IT VIEW

By MARK MASON, campaignlive.co.uk, Friday, 03 September 1999 12:00AM

Most ads in the IT sector aren’t worth the paper they’re printed on. The vast majority of advertisers seem to believe that as long as their ads are no worse than the dross their competitors deliver, it is fair and reasonable to run ads that are noticed by no-one. That’s why it’s so good to see a few really excellent treatments - client/agency teams working hard to understand the issues, and coming out with really strong, effective messages and campaigns.

Most ads in the IT sector aren’t worth the paper they’re printed

on. The vast majority of advertisers seem to believe that as long as

their ads are no worse than the dross their competitors deliver, it is

fair and reasonable to run ads that are noticed by no-one. That’s why

it’s so good to see a few really excellent treatments - client/agency

teams working hard to understand the issues, and coming out with really

strong, effective messages and campaigns.



IBM has come a long way since the heady days of its Chaplinesque

campaigns of 20 years ago. It’s lost some of that smug arrogance, as

well as enough staff to populate a major town. It has become more

customer-focused and less self-obsessed, which comes across most clearly

in its advertising. In particular, the e-commerce campaign, now running

for well over a year and widely despised by its competitors, has helped

IBM steal most of the e-cake, leaving everyone else to fight over the

crumbs.



Its current campaign stands out, looks cool, and makes the e-business

stuff look like it’s really happening. Nice work.



The latest showcase from our friends at Hewlett Packard is a different

kettle of fish altogether. Beautifully crafted ads - real works of art -

but absolutely no value as advertising. Frankly, the concept is weird,

the copy is bizarre, and the message ...? We asked a seminar full of IT

marcoms managers whether they’d stopped to read any of these ads - not

one of them had. This campaign won’t build brand or help sell product.

Great art is no substitute for good thinking.



Compare the HP campaign to this little number from Compaq. Similar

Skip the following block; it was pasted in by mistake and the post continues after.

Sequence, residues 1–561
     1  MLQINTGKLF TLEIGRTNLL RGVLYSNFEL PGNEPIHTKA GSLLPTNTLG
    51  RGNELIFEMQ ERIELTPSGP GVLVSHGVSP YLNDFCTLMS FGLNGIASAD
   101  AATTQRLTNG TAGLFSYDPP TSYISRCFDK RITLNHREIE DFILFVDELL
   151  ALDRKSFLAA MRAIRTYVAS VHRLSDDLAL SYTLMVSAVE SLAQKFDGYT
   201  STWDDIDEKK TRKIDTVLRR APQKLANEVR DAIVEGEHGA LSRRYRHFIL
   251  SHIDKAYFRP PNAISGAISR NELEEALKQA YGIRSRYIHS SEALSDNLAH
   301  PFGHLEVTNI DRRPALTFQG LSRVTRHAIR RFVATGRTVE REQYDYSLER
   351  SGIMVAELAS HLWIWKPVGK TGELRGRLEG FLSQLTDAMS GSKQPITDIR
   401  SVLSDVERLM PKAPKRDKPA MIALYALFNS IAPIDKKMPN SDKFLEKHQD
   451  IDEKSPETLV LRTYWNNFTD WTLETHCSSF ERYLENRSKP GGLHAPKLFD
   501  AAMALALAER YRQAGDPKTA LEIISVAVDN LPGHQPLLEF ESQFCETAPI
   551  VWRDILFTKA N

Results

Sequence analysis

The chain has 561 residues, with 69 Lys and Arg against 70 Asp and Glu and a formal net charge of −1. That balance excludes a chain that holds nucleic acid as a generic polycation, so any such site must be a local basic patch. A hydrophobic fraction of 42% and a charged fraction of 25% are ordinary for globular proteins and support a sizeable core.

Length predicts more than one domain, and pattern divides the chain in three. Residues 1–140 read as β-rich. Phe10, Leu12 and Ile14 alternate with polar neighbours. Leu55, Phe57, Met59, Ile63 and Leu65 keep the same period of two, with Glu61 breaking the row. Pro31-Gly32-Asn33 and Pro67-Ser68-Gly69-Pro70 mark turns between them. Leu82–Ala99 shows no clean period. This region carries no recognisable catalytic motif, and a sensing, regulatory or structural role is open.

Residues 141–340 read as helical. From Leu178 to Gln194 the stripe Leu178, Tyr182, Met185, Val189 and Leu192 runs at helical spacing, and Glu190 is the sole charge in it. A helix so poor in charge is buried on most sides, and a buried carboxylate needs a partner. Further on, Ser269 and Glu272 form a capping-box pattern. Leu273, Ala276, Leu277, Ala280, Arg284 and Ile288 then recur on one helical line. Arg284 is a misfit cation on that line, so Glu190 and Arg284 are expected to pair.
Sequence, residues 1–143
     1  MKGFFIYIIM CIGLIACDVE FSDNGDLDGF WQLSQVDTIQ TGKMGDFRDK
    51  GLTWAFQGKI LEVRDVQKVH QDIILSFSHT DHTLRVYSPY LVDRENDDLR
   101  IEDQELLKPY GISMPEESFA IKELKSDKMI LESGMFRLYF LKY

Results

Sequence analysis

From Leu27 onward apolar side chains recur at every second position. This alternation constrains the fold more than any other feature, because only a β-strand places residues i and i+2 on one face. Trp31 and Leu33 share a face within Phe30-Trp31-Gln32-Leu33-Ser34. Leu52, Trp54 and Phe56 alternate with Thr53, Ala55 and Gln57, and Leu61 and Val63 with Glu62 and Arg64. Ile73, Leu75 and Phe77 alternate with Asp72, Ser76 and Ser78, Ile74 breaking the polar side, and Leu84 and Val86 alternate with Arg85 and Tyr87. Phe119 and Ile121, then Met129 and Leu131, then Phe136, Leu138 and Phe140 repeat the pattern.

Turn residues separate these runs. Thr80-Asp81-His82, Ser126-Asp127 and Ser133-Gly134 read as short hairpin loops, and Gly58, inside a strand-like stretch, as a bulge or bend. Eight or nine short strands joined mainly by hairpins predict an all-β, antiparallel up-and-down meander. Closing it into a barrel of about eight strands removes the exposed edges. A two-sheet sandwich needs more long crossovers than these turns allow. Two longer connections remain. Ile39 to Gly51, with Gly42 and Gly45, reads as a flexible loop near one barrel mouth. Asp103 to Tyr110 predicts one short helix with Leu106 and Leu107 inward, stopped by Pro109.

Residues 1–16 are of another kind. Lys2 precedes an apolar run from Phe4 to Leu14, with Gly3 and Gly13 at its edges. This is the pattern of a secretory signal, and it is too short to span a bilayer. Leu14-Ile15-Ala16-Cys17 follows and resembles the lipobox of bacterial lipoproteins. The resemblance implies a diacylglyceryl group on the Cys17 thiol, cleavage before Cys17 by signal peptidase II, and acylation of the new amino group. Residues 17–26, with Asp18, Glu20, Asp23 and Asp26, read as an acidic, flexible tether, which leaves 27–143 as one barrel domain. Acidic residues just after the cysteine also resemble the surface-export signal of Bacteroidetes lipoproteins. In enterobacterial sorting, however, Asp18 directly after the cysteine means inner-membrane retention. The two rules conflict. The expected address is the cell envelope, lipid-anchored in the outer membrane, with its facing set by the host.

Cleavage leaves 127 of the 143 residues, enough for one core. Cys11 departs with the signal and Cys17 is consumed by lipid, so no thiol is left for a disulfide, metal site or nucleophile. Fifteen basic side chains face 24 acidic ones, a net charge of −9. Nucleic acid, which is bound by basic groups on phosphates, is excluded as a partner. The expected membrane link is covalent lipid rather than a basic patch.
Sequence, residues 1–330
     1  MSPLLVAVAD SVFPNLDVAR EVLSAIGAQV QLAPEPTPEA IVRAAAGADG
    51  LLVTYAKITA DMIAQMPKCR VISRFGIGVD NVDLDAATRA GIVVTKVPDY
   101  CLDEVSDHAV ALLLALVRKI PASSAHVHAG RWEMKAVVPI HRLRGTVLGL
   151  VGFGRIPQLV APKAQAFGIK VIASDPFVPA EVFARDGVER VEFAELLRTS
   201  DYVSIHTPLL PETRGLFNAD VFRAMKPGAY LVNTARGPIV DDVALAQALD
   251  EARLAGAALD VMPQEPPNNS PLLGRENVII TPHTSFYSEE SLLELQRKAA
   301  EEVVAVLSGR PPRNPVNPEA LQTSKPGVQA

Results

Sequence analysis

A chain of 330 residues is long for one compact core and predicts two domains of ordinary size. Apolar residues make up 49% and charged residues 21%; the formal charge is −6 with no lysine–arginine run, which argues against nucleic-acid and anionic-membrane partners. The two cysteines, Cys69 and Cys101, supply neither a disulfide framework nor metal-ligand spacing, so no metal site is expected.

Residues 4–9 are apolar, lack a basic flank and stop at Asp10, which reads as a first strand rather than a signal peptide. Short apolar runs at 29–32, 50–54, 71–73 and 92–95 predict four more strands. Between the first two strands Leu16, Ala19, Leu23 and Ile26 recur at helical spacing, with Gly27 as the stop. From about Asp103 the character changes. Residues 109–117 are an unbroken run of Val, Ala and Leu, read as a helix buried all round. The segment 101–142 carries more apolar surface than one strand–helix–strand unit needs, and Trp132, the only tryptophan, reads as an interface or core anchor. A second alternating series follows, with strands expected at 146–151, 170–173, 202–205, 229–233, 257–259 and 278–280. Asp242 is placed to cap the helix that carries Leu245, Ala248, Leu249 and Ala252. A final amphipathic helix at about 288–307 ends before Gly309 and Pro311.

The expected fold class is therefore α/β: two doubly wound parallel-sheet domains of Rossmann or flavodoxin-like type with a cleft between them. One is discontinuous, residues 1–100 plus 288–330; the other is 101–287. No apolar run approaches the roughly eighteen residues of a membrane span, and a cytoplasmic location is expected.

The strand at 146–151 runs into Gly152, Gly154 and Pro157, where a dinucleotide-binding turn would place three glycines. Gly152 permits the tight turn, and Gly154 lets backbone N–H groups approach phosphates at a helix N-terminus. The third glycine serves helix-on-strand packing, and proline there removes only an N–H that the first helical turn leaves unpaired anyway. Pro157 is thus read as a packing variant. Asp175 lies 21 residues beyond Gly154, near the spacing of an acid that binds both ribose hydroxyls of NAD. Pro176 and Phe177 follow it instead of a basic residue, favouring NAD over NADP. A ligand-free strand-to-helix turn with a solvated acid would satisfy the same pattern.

product lines, similar target audiences, completely different approach.

Compaq’s 30-second TV commercial is no less beautifully crafted, but all

artistic effort is focused on delivering one powerful message: that

Compaq is not just a PC manufacturer. The ad, which features a Compaq

hole-in-the-wall cash machine, will do a great brand-building job in

Compaq’s key financial markets.



Not strictly IT, but I love this campaign for Sony showing ’the perfect

recording for your perfect place’. It reminds me of the feeling I get as

I hurl myself down a snowy mountain with my CD player pumping out

brain-boiling music. It’s just what these things are for, and the TV and

press campaign does a great job of building that emotional bridge to the

ideal target buyer. They’re all beautifully shot, but the press ads are

a little let down by the copy, which doesn’t have the same heart.



The new campaign for portables from Toshiba is a real

disappointment.



The previous campaign (bizarrely but craftily carving notebook PCs out

of cheese, aspirin, wood, and sardine tins) ran for years. It delivered

strong brand messages that added value in a market that’s fiercely

competitive and where product differences are cosmetic. This new

campaign is completely missable (despite the large shouty headline) and

utterly forgettable. The ad is as poor as dozens of its competitors who

sell similar products more cheaply. If they keep this up, people will

stop believing that a Tosh is worth the extra dosh, and their margins

and share will suffer.



This campaign from Excite is as cunning as it is charming. If there was

any doubt that strong, relevant reader reward builds brand, this should

boot it into touch. It does a great job of demonstrating that any twit

can use the internet to spend wads of cash on holidays and shares. (Of

course, what they don’t tell you is that you could get sacked or gunned

down by a mass murderer in the process). There’s plenty of suspense and

humour in these well-crafted ads. Great campaign - love it.



And the moral of the story? Don’t bugger about with your brand.



Compaq

Project: Compaq

Agency: BMP Claydon Heeley

Writer: John Webster

Directors: Mario Cavalli, Dominic Griffiths, Mic Graves

Production company: Aka Pizazz

Excite

Project: Excite

Agency: Lowe & Partners SMS, New York

Writer: Amy Borkowsky

Art director: Peter Cohen

Director: Henry Holtzman

Production company: MPH Films

Hewlett Packard

Project: Business PC Organisation campaign

Agency: Publicis & Halriney, San Francisco

Writer: Keith Klein

Art director: Steve Luker

Designer: Giles Dunn

Toshiba

Project: Portables

Agency: Brann

Writer: Lizzie Chrystall

Art director: Dan Plotkin

IBM

Project: e-culture

Agency: Ogilvy & Mather

Writers: Brent Heindl and Josh Tavlin

Art director: Simon Lewis

Sony

Project: Sony mini disc

Agency: DDB

Writer: Simon Learman

Art director: Brian Fraser

Director of TV ads: Jake Scott



This article was first published on campaignlive.co.uk

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